IN FOCUS6-8 min read

What will the final SDR rules mean for investors?

We explore the key takeaways of the UK's Sustainability Disclosure Requirements (SDR) and what it means for Schroders, its clients, and consumers.

Institutional Investor Study 2023


Andy Howard
Global Head of Sustainable Investment
Richard Fox
Head of Public Policy, UK
Anna O'Donoghue
Global Head of Product Development & Governance

The Sustainability Disclosure Requirements (SDR) and investment labels regime is a long-awaited package of measures issued by the UK’s Financial Conduct Authority (FCA) for sustainable funds. 

After two years of extensive consultation the final paper is here, bringing a raft of changes including new sustainability labels as well as updated marketing rulesand guidance. The new rules will affect how sustainable funds are built, how they are described to investors, and how they are sold to clients.  

We welcome the consultative approach the FCA has taken and think the final rules enhance transparency through improved disclosure and will ultimately bring more clarity for investors to help them differentiate between sustainable products and strategies. 

The initial scope of SDR starts with sustainable funds authorised in the UK. However, the FCA has committed to consulting on whether to apply the rules more broadly than that, for example to pension providers, or portfolio managers. 

A new anti-greenwashing rule is likely to come into force from 31 May 2024 for all UK regulated firms. Asset managers can use the sustainability labels from 31 July 2024 and need to ensure that all their naming and marketing is updated by 2 December 2024.  

Here, our policy and sustainability experts discuss in detail what’s in the package, what has changed since the first proposal and what the implications are for investment firms and their clients. 

What’s your first reaction to the final SDR paper and its fund labelling requirements? 

Andy Howard, Global Head of Sustainable Investments, said: 

Looking at the big picture, this is a positive package. You've got a very logical and clear framework for conveying information to consumers about the types of sustainable investments that they are buying and how they differ. As the industry goes through this, there will no doubt be questions about the details and precisely how it is implemented. We look likely to end up with a good balance between prescription and principle-based rules, which should allow consumers to differentiate between different products.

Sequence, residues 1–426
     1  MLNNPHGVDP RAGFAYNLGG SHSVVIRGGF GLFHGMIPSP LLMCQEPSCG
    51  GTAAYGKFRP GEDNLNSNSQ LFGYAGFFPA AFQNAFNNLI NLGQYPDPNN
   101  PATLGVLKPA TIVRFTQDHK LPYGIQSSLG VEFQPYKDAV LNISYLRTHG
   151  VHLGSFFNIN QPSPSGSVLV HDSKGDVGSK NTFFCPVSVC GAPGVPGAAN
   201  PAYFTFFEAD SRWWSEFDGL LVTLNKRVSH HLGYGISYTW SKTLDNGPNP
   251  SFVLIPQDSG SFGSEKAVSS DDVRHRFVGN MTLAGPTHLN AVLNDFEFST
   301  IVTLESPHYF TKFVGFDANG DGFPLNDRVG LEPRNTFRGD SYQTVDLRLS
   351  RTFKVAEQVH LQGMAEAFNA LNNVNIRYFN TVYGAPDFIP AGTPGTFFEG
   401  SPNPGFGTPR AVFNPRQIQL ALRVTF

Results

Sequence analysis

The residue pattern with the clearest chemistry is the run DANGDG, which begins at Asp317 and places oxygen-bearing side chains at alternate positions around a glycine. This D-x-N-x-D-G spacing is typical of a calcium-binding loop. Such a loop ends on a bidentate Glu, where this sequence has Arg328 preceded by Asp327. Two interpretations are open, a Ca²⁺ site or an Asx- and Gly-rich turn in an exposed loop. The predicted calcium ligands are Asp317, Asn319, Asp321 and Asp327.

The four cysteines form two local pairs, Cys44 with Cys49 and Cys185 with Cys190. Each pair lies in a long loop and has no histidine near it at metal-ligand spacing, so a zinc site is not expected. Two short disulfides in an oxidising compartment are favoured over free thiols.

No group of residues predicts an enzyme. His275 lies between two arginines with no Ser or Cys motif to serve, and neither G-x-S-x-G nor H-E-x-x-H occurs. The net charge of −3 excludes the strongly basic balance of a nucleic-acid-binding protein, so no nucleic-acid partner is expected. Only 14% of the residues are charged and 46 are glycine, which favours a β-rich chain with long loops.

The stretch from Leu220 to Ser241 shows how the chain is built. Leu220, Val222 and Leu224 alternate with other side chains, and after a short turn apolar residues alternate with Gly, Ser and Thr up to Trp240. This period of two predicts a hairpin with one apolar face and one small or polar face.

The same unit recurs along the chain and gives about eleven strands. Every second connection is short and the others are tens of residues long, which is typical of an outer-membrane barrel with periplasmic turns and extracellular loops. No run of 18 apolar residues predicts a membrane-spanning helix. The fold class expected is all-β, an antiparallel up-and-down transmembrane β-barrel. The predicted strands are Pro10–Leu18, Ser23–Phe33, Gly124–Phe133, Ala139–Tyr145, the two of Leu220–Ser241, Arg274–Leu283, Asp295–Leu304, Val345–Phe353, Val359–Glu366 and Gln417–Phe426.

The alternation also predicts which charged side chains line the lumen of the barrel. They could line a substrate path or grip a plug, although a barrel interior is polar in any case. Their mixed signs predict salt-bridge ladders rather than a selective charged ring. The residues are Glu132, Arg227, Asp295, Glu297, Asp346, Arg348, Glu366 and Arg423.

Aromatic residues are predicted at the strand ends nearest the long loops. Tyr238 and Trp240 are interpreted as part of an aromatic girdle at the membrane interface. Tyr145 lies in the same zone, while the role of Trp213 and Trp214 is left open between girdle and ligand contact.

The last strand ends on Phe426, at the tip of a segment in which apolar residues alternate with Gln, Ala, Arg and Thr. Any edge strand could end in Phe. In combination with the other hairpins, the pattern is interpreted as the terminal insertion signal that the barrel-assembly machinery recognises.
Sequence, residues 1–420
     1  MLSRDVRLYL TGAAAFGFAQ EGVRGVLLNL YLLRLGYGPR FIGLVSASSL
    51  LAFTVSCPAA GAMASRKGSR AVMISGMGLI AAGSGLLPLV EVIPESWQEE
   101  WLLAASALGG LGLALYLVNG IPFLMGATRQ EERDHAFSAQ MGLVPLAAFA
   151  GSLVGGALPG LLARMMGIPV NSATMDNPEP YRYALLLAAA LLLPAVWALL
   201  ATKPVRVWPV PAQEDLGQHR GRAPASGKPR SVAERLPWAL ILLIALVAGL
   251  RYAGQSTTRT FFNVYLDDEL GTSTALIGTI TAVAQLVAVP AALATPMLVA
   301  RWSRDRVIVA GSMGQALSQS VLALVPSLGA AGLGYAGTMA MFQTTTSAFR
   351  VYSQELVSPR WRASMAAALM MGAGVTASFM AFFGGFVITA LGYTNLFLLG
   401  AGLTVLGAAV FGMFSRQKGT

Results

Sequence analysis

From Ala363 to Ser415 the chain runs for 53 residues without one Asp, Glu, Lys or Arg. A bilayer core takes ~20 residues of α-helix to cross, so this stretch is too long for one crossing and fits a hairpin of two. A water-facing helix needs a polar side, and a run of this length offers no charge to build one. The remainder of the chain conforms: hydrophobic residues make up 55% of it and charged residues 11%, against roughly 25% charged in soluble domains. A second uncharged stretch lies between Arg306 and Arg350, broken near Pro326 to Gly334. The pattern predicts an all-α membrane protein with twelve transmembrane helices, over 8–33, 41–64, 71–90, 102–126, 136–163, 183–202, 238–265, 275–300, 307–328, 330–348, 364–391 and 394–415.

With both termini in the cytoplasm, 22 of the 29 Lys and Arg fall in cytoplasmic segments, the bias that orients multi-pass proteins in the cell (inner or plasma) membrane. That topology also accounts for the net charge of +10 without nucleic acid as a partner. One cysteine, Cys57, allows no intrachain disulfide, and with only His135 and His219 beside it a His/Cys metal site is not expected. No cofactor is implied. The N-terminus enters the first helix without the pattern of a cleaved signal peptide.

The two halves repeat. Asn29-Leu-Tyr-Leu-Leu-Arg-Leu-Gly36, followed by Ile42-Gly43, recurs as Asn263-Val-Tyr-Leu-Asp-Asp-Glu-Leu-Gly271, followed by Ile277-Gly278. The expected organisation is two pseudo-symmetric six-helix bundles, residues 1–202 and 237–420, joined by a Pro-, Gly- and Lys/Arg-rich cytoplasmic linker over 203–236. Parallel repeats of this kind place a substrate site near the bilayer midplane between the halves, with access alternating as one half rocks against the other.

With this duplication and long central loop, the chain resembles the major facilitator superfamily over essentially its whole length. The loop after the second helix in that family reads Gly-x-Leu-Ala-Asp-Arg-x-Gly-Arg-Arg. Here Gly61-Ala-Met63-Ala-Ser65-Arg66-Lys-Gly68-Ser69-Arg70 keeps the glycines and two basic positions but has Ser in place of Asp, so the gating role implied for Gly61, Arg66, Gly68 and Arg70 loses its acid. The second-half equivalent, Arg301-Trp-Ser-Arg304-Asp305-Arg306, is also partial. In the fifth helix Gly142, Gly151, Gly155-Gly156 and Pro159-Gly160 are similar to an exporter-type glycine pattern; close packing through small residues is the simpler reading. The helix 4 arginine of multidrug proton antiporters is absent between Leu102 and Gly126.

One of the points of feedback to the first SDR consultation was around the difficulties with labelling multi-asset funds, where you might have investments in different types of sustainable funds. That is why in the final SDR we now have four sustainability-focused labels instead of the initial three: ‘Sustainability Focus’ for those funds who focus on assets or companies that are already environmentally or socially sustainable; ‘Sustainability Improvers’ which are focusing on companies with the potential to improve in the future; ‘Sustainability Impact’ with funds that have got a clear and measurable impact in relation to social or environmental objectives.

The fourth and new category, ‘Sustainability Mixed Goals’, allows a combination of the first three types within the portfolio. 

Who will approve the labels? Can you clarify the changes around the 70% threshold rule? 

Andy Howard said: The fund labelling is not an approval process - investment managers themselves will need to determine which funds they think should fall into the different labels. We think that providing such flexibility and avoiding prescription of labelling will encourage innovation within this space and the ability to create more choice for clients and for consumers, along with the transparency they need to make informed decisions.